Related: Christmas, Civil & Human Rights

Winter Solstice



Winter solstice is a time of darkness, and yet, hope.  We have passed through the longest night of the year, and now we look forward to lengthening days, more sunlight and the promise of warmth in the months ahead, just on the other side of deep winter.  Meanwhile, we bundle against winter’s chill, stringing Christmas lights to brighten the gloom and singing carols of goodwill to lighten our mood.

We start Christmas week 2014 in a dark and fearful state.  The murder of two police officers in Brooklyn caps a season of violence, protest and soul-searching about racial injustice and bitter national divisions politically, socially, spiritually.  Violence never is a solution, but we live in a nation where guns are too plentiful and peacemakers seem too few.  Too may people believe in the Old Testament’s teachings on “an eye for an eye” and too few embrace the New Testament message of turning the other cheek along the pathway to peace and reconciliation.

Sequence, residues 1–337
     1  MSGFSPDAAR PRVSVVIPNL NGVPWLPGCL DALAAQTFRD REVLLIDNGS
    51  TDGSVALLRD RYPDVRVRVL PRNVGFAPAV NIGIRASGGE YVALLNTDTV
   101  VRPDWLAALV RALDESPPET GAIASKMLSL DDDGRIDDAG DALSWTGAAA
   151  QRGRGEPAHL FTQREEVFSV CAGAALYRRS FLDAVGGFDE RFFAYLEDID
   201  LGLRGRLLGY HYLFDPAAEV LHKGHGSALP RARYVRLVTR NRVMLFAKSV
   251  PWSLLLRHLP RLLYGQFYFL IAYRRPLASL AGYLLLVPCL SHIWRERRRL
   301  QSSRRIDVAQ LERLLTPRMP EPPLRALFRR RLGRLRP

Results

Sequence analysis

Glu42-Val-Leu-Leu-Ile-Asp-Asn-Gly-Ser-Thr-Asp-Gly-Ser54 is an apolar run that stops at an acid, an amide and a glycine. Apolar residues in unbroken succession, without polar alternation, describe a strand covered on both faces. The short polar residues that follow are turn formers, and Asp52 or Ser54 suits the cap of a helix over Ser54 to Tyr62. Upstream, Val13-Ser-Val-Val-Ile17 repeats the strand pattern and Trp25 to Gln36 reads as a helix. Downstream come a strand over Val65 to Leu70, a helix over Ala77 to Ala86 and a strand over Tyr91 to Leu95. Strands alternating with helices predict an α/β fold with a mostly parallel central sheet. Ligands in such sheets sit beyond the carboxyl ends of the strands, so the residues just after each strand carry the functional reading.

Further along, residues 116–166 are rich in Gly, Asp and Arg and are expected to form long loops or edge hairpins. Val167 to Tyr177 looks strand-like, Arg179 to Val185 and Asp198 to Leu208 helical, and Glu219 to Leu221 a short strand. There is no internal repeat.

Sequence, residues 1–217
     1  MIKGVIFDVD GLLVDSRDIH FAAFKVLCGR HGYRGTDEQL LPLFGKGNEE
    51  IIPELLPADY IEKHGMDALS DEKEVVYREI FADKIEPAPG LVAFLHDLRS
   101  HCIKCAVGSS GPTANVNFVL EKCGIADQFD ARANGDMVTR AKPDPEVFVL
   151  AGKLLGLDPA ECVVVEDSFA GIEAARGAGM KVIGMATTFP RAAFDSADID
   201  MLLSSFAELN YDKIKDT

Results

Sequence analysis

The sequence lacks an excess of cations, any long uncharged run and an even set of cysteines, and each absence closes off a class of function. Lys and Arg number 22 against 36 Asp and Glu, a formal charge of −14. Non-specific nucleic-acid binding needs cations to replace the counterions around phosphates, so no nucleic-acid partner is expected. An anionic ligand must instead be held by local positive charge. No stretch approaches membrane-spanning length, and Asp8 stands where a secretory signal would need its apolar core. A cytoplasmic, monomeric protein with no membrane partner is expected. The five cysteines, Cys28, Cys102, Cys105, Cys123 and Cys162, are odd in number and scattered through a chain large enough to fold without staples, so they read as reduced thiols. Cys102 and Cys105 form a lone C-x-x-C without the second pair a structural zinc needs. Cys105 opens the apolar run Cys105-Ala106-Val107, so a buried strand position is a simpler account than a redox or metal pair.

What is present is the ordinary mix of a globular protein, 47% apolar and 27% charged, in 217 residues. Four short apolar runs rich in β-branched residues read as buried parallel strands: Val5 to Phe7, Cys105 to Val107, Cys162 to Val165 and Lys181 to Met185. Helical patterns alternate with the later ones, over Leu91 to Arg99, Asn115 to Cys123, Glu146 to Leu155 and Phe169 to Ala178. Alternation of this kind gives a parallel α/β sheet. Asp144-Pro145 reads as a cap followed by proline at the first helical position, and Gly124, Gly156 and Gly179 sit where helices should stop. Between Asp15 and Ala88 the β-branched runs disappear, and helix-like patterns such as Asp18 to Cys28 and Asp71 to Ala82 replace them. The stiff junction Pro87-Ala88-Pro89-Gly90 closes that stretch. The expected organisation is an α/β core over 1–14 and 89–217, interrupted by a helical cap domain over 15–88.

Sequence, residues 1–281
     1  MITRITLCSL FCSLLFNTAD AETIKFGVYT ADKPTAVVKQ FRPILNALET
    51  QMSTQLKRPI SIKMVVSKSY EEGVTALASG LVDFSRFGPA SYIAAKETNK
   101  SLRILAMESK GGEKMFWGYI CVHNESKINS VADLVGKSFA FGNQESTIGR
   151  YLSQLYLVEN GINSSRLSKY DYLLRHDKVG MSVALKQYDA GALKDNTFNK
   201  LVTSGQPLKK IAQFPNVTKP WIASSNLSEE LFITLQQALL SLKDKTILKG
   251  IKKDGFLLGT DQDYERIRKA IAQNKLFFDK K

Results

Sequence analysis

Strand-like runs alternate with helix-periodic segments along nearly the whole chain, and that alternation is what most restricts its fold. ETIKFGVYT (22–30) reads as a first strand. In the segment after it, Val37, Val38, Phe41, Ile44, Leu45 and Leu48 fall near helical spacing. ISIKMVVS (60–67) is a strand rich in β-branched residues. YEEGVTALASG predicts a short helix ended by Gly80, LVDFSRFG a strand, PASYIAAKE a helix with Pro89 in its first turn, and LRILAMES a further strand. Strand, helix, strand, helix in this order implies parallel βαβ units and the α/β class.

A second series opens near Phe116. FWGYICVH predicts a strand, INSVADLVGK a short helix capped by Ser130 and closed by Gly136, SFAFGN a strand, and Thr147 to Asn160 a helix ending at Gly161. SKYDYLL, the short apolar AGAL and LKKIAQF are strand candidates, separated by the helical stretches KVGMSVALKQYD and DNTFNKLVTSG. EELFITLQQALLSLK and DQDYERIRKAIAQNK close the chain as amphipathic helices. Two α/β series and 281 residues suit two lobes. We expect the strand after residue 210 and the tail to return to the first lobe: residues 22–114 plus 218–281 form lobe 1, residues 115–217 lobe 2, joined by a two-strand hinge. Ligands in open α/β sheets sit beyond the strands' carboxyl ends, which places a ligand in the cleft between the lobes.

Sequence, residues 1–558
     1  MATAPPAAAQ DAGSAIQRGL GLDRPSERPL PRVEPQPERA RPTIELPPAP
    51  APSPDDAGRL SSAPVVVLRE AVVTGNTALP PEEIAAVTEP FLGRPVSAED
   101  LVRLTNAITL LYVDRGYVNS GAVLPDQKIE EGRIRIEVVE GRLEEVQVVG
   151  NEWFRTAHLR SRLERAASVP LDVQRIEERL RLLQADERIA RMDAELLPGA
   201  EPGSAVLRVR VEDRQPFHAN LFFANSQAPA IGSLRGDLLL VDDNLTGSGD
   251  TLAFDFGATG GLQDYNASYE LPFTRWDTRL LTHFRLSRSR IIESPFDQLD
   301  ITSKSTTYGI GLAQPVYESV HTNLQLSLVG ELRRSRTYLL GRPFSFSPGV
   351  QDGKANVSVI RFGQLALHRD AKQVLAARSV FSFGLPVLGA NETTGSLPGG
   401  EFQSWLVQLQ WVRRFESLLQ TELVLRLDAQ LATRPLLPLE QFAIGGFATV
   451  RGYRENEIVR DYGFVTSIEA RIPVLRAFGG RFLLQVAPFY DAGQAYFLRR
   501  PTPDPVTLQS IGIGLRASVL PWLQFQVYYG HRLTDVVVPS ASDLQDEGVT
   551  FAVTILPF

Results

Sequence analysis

For Christians everywhere, the celebration of the birth of Christ this week should be a time of reflection on the true meaning of Christmas.  In observing the birth of the Child, we acknowledge the hope of redemption and salvation.  But such hope did not come with shiny trinkets and lovely baubles; the hope was fulfilled in suffering, passion, death and resurrection.

We must bring the strength and witness of faith to our present human struggles.  People of faith must do more to confront the anger and violence that degrades our communities, that snuffs out human potential, that disrupts families and destroys lives.   We must work for the kind of justice that is essential to ensure long-lasting peace.  Justice must start with a genuine commitment to setting aside the weapons of prejudice, suspicion, vengeance and hatred.  We must call out the perpetrators of vigilantism and violence in all corners of our society.   We must insist that the leaders we have elected to be stewards of our society show some backbone in standing up to the purveyors of injustice.

If we truly believe in “peace and good will toward all people,” we must work harder for justice, the only way to achieve true peace.


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Patricia A. McGuire, President, Trinity, 125 Michigan Ave. NE, Washington, DC 20017
Phone: 202.884.9050   Email: